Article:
An article about performing-Arts and music-related topic
By Ralph Schatzki
Imagine a person suddenly collapsing in a public place. A doctor, perfectly capable of helping, simply walks by. Or, a man, out hiking pinned under a small boulder, and a championship weightlifter in his group does nothing to assist.
At first glance, most people would be outraged by such non-action, even though nothing may have been done wrong under the law. Of course, most people know that law and ethics are not always synonymous.
Still, you say, "these are matters of life and death- surely something should have been done!" Perhaps, though, the doctor was on his way to a more pressing emergency, or was preoccupied with the thoughts of his son's cancer. Maybe the weightlifter was recovering from an injury that prevented him from trying to help, or it would permanently cripple him if he tried to undertake such a strain before he had recovered sufficiently from it.
Life is seldom so black and white, as much as we enjoy debating black and white scenarios: "What if the doctor was completely focused on this person, or the weightlifter was perfectly healthy?" These are interesting ethical questions to be sure, although the law still puts no duty on one to save another, unless he is in a special circumstance, caused the situation in some way, or begins to undertake a rescue.
Hey: we've got to have some rule, and it must not only take into account the victim's needs, but also the needs and rights of his potential savior: and we resist requiring people to do anything, even if they "should."
In many cases, it ends up as a very personal choice on their parts, and for all we know they agonize over it.
I was thinking about this in the similar context of someone who has decided essentially to "retire" his skill - to remove it from the public. Should - not can - he be able to do this? What if he is an expert, or uniquely accomplished?
In the case of the weightlifter we hardly bat an eye: younger, stronger people are constantly coming up through the ranks and his career is short. When an eighty-year old doctor retires we are similarly favorably disposed to his decision: he served society well and has earned his rest.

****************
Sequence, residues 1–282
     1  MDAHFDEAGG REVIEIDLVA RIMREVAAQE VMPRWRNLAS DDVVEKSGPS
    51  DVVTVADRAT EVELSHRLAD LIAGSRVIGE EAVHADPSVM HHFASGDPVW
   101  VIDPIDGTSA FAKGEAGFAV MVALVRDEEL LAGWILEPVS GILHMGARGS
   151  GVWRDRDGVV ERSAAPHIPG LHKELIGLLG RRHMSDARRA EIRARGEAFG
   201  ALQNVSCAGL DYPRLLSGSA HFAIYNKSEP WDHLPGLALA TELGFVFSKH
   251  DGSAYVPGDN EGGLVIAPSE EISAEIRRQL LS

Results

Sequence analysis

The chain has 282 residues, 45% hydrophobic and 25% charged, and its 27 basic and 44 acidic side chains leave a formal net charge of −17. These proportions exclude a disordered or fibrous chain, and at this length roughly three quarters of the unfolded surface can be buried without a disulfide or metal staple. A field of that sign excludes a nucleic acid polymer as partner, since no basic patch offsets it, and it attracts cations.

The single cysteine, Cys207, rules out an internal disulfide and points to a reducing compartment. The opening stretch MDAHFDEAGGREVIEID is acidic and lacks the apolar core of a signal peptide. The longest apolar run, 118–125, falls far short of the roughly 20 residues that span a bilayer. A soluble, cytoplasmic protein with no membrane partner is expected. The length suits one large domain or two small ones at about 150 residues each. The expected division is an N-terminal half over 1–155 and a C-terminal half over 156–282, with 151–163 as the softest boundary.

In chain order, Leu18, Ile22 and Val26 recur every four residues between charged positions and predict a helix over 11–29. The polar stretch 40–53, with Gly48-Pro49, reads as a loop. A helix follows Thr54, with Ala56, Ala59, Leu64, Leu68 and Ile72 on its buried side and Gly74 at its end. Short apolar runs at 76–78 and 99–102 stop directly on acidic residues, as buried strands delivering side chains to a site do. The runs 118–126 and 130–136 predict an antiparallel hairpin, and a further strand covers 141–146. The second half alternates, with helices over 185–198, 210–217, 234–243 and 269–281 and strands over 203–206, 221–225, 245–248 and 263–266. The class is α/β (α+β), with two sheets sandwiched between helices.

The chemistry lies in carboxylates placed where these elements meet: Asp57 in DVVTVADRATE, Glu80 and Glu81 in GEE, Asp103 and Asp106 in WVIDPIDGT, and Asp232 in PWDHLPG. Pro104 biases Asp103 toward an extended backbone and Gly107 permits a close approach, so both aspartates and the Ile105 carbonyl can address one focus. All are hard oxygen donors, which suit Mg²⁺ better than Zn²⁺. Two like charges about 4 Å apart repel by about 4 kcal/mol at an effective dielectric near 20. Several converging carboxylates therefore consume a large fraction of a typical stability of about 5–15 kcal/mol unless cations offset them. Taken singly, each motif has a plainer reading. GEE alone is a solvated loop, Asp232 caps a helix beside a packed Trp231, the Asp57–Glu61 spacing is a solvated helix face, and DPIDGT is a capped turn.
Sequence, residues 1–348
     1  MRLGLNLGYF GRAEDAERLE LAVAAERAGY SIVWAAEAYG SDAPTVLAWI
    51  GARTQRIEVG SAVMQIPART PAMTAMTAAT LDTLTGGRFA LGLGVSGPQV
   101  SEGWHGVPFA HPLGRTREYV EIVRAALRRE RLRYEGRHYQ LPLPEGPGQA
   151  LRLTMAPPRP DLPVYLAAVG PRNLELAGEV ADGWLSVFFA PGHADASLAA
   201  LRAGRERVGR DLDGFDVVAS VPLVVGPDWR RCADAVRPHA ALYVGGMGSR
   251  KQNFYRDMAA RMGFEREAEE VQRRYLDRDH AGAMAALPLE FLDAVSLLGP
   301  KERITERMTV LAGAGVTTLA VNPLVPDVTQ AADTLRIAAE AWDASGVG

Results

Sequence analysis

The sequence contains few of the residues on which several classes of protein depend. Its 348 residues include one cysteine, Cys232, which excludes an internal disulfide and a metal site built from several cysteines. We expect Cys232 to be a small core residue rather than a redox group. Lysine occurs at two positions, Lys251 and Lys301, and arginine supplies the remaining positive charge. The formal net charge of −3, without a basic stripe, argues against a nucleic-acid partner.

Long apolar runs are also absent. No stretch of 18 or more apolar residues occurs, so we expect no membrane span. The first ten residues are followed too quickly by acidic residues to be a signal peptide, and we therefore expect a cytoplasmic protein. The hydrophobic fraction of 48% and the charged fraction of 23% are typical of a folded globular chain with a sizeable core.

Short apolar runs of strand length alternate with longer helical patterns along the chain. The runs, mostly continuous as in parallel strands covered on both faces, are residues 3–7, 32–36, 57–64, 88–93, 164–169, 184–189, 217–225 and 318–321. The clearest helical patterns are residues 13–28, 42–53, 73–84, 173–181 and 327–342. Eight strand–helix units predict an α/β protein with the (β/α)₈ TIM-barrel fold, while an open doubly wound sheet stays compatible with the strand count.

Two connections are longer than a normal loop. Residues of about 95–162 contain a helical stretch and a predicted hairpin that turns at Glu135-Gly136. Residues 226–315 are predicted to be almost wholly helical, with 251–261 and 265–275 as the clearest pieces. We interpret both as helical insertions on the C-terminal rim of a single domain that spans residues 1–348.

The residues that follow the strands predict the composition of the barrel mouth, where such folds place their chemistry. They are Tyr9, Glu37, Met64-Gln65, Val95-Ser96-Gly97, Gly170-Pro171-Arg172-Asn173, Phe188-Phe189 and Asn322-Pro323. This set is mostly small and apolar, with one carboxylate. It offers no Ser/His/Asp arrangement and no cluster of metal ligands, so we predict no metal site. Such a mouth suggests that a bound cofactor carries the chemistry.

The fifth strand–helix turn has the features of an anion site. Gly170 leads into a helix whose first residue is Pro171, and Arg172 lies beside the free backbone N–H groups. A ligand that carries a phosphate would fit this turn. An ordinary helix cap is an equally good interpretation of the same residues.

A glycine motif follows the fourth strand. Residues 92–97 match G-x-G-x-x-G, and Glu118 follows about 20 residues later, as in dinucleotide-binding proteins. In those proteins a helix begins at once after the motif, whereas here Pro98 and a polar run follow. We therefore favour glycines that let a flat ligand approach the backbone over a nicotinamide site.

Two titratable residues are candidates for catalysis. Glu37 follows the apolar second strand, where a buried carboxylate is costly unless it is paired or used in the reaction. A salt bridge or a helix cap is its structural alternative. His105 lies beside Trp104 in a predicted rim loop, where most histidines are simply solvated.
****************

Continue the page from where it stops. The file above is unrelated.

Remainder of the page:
Of course, in the first case the doctor probably retires because he has earned enough money practicing medicine, and in the second case the violinist quits because she hasn't made enough, but the end result is that society loses a treasure. I don't really begrudge either of these people's decisions, but I do bemoan the loss and am left to wonder why things are allowed to come to such a pass: How can we permit such an environment in which an individual's talents and gifts are thrown away? It really is a tremendous loss for us all. I don't think it's right that someone is paid so much money to perform a vital service that he can remove himself from it before his time, nor not enough that she must remove herself just to survive.
I realize this is simply a (very high) cost of living in a free market, capitalistic society: the market, by and large, determines the value of things. Unfortunately, this results in economic concerns trumping all others, including our concern for ourselves, our fellow beings and society at-large.
As a musician, I constantly ask myself what duty I owe: first to myself, but to others, as well, in ever-widening circles of diminishing acquaintance. Do I sing for myself? Yes. Solely? No, although how much my performance is for others is an interesting concern.
I guess I'm interested in what duty we musicians owe to society, even if it doesn't seem to value highly what it is that we offer. I don't have the answers, but the question should, I think, be considered.
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